Kyoto’s Arashiyama is known for a quiet path through a beautiful bamboo forest. But this is a carefully-designed “forest” of acrylic poles draped with traditional kimono cloth. Visitors are enchanted by the beauty of “the forest” particularly when illuminated with the LED lights at night.
The permanent exhibit “Kimono Forest” is installed at Keifuku Electric Railroad Co.’s Arashiyama Station in Kyoto city. Each of the two-meter pillars is covered with kimono fabrics dyed in the traditional Kyo-Yuzen style originated in Kyoto. A total of 600 such poles are placed all over the tram station grounds. There are 32 different textile patterns carefully presented over each of the pillars.
The innovative display was set up in July 2013 when the station was renovated. The railroad company removed the ticket barriers so that everyone can enter the entire area of the station and enjoy “Kimono Forest.” The artwork, designed by Yasumichi Morita of GLAMOROUS co., received a global design award in Italy. In May 2014, the station won Platinum A’ Design Award of A’ Design Award and Competition in Interior Space and Exhibition Design Category, 2013-2014.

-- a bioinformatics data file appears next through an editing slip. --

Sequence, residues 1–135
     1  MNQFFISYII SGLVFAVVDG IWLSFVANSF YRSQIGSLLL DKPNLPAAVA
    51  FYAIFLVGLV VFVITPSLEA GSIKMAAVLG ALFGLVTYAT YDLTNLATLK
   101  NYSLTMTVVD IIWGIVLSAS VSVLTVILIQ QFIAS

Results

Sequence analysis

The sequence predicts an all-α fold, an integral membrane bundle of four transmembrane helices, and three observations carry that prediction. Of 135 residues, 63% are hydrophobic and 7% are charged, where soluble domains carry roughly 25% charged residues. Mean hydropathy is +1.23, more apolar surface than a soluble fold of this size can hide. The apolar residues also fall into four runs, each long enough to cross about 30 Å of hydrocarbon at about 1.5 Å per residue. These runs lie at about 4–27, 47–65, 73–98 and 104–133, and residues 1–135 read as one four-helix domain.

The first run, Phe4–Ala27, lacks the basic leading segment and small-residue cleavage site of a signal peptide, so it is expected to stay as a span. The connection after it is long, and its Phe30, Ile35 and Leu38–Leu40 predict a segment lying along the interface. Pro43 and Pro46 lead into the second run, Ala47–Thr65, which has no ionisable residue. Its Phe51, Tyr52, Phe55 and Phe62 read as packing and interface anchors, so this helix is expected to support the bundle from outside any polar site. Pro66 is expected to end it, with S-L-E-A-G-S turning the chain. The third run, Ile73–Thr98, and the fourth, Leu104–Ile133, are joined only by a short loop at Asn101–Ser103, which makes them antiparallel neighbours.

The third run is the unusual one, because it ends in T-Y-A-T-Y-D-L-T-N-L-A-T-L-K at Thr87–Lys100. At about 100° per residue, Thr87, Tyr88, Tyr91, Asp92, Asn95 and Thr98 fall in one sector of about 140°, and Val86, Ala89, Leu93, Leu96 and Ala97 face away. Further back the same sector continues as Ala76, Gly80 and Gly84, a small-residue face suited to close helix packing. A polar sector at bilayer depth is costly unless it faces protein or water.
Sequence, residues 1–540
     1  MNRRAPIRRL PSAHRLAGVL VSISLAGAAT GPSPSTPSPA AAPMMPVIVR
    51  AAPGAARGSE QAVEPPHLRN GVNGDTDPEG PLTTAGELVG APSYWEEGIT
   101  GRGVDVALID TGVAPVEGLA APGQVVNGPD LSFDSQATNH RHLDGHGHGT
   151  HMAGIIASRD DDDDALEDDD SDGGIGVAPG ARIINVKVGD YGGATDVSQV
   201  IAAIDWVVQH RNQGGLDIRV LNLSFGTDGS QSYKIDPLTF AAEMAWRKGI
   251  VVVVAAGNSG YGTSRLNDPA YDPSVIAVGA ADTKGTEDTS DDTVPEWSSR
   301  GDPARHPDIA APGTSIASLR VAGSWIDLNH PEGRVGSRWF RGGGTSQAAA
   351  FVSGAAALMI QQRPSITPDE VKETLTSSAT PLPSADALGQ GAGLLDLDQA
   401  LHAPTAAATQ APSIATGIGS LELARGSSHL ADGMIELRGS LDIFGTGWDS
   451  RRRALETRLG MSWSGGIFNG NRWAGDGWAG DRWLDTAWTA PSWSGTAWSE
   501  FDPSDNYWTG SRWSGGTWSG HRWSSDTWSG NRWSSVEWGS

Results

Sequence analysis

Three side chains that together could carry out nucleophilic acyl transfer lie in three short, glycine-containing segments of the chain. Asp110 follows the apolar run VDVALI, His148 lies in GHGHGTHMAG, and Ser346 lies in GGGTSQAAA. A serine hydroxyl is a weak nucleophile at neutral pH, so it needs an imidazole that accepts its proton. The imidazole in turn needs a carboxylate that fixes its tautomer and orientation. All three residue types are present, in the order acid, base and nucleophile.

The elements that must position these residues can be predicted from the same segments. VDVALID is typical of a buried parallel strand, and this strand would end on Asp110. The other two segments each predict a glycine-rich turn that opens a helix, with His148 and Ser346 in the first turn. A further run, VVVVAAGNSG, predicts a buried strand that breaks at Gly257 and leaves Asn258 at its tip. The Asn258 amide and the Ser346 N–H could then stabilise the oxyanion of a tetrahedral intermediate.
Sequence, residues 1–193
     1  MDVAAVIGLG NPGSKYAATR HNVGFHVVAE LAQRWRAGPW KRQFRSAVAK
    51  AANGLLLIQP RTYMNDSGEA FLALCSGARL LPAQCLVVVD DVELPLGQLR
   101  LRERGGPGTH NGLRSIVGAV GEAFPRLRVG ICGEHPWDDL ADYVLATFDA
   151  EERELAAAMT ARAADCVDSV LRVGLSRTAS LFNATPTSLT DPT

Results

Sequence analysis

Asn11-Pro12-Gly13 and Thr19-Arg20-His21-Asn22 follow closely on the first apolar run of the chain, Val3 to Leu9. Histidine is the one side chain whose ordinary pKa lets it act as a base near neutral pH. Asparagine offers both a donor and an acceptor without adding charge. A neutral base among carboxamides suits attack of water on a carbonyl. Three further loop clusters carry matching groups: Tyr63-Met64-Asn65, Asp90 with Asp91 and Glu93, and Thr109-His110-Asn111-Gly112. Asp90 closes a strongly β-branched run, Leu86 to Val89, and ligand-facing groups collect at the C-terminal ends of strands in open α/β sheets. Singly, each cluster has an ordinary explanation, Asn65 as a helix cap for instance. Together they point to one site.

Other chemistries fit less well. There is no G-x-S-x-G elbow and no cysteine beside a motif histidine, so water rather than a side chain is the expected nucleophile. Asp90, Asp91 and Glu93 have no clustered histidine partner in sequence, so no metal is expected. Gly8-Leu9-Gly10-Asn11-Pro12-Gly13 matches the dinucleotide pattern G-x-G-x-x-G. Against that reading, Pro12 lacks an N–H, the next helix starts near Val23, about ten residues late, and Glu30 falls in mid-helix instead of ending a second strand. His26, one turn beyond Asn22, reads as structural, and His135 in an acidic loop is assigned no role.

The highlight of the display is “Kimono Komichi,” a path lined with the kimono poles. After the lane, a small pond called “Ryu no Atago-ike” welcomes visitors. “Ryu” means “a dragon.” The name comes from Tenryu-ji, a temple located in the neighborhood. Tenryu-ji is a World Cultural Heritage Site. The pond takes water from a natural spring. In the center of the pond, there is a sphere-shaped art object painted with a dragon.
Kyo-Yuzen is a traditional craft in Kyoto. It refers to the dyeing technique devised by Yuzensai Miyazaki, a folding fan painter in the Edo Period. It requires elaborate manual procedures to make authentic Yuzen fabrics.
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